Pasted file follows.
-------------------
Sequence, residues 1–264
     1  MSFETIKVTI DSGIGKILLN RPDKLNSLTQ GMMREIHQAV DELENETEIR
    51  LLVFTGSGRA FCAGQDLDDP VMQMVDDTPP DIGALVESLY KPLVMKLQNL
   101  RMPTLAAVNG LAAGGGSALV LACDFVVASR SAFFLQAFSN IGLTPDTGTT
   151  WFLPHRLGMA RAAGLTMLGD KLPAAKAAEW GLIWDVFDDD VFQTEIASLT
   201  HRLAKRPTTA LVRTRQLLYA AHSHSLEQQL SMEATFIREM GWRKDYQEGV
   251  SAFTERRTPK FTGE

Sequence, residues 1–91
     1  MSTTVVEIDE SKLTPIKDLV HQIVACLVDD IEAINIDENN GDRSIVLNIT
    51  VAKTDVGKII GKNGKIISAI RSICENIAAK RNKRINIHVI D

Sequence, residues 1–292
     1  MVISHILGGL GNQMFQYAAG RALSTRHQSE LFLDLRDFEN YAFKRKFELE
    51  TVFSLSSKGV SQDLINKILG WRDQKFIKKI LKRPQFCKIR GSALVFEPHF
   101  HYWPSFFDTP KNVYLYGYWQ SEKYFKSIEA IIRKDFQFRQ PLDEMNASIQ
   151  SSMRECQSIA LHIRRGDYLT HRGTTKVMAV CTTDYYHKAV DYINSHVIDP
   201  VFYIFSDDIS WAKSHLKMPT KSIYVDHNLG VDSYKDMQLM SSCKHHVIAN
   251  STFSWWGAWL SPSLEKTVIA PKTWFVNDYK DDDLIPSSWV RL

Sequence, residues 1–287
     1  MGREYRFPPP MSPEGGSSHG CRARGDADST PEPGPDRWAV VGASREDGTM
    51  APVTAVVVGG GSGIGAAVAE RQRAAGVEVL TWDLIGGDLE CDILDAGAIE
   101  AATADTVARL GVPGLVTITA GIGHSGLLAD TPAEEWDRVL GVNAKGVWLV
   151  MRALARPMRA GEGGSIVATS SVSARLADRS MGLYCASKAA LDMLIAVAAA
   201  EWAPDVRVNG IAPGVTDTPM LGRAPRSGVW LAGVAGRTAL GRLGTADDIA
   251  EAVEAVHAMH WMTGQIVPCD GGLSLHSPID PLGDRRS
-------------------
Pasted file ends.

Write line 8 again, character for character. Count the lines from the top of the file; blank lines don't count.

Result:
Sequence, residues 1–91